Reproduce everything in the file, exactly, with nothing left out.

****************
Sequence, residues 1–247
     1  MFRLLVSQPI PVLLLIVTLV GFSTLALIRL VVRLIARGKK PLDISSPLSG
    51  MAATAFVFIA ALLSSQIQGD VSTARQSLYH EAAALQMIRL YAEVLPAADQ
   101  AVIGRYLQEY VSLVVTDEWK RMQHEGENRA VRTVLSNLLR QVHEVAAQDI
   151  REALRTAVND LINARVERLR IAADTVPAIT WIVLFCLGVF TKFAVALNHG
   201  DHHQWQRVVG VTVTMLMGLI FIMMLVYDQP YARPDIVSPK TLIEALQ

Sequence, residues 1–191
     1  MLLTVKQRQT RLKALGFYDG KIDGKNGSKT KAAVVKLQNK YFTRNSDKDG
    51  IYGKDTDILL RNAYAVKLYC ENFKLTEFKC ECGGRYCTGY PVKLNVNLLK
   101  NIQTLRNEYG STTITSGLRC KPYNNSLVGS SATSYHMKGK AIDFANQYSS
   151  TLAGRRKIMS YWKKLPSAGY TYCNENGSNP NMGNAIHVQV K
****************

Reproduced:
Sequence, residues 1–247
     1  MFRLLVSQPI PVLLLIVTLV GFSTLALIRL VVRLIARGKK PLDISSPLSG
    51  MAATAFVFIA ALLSSQIQGD VSTARQSLYH EAAALQMIRL YAEVLPAADQ
   101  AVIGRYLQEY VSLVVTDEWK RMQHEGENRA VRTVLSNLLR QVHEVAAQDI
   151  REALRTAVND LINARVERLR IAADTVPAIT WIVLFCLGVF TKFAVALNHG
   201  DHHQWQRVVG VTVTMLMGLI FIMMLVYDQP YARPDIVSPK TLIEALQ

Sequence, residues 1–191
     1  MLLTVKQRQT RLKALGFYDG KIDGKNGSKT KAAVVKLQNK YFTRNSDKDG
    51  IYGKDTDILL RNAYAVKLYC ENFKLTEFKC ECGGRYCTGY PVKLNVNLLK
   101  NIQTLRNEYG STTITSGLRC KPYNNSLVGS SATSYHMKGK AIDFANQYSS
   151  TLAGRRKIMS YWKKLPSAGY TYCNENGSNP NMGNAIHVQV K